Savannah’s atmosphere, culture, and history flavor this often-engaging tale of intertwined families.

TEMPLE SECRETS

The secrets and lies of Savannah, Georgia’s upper crust come to light in Gabriel’s (Circle of the Ancestors, 2014, etc.) Southern Gothic novel.

For decades, Iris Temple has manipulated those around her by using her own wealth, position, illness, and idiosyncrasies. More importantly, she also has a ledger begun by her great-grandfather, containing secrets about Savannah’s rich and powerful, which is safely locked up at the bank. Queenie, Iris’ companion for 35 years, is also her half sister; it’s an uneasy relationship, given Queenie’s family’s long history with the Temples—first as slaves, and then as servants. Iris’ iron grip on those around her is threatened when a classified ad appears in the newspaper: “FOUND. One Book of Temple Secrets. First Secret to be revealed tomorrow.” As the secrets begin to come out (such as, “Several Savannah patriarchs have mix-raced [sic] children”), the town erupts in anger. Further disclosures unearth long-buried truths and stir up the Temple mansion’s many ghosts, leading to a final, cleansing confrontation. Gabriel unfolds her story deftly, with well-paced revelations about the complicated relationships between the mansion’s white and black inhabitants. Queenie’s 100-year-old mother, Old Sally, who still practices “Gullah magic,” is an intriguing counterpart to Iris: both are powerful matriarchs in their own way, though Old Sally possesses a contentment and benevolence that Iris doesn’t. Gabriel also evokes the Spanish moss–covered atmosphere of ghost-filled Savannah, and the Temple mansion in particular, with satisfying spookiness. Iris, however, is a heavy-handed caricature—a snobby, querulous, ever-flatulent joke that isn’t very funny. Also, although the novel strives to rebalance the inequities of history, it offers a different set of stereotypes, instead: Old Sally, for example, is a magical, sainted minority who has a special connection to the unseen, while white people are always uptight at funerals. Still, the final chapters hold a few surprises that add some dimension. The author’s thoughtfulness about masters and slaves, employers and servants, and family relations also contributes to a satisfying read.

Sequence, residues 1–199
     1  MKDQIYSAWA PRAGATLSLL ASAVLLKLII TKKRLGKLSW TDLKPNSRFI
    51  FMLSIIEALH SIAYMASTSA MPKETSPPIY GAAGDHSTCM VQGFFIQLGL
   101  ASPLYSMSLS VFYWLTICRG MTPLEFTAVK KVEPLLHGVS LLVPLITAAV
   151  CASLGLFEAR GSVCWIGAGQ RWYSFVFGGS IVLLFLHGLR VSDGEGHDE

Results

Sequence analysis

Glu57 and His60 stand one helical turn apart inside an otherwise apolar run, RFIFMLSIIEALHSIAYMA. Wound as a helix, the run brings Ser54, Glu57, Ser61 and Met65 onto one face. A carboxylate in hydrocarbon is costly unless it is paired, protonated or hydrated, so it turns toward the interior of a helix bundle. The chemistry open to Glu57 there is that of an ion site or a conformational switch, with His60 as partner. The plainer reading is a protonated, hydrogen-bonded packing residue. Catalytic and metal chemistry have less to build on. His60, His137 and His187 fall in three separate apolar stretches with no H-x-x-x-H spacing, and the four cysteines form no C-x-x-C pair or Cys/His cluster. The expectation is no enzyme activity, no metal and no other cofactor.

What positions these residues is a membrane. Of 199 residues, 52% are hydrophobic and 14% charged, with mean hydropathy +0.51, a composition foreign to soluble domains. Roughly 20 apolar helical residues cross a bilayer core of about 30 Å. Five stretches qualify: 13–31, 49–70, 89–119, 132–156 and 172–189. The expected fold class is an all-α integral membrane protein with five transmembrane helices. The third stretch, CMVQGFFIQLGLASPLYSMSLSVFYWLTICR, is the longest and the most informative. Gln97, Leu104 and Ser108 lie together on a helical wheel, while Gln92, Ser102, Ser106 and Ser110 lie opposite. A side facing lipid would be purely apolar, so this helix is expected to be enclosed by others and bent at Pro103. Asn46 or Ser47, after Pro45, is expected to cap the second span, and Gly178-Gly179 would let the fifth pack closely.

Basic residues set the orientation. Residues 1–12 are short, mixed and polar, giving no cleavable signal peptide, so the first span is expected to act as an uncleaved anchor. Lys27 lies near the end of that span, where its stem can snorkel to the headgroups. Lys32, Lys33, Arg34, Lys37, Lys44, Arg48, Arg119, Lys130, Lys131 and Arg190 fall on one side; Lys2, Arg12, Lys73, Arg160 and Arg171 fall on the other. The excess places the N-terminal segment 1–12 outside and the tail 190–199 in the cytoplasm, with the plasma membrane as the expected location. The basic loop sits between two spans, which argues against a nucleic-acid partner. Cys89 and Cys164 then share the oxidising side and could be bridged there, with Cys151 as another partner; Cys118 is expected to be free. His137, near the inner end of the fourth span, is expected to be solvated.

Savannah’s atmosphere, culture, and history flavor this often-engaging tale of intertwined families.

Pub Date: Feb. 16, 2015

ISBN: 978-0983588276

Page Count: 338

Publisher: Wild Lily Arts

Review Posted Online: April 13, 2015

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ONE DAY IN THE LIFE OF IVAN DENISOVICH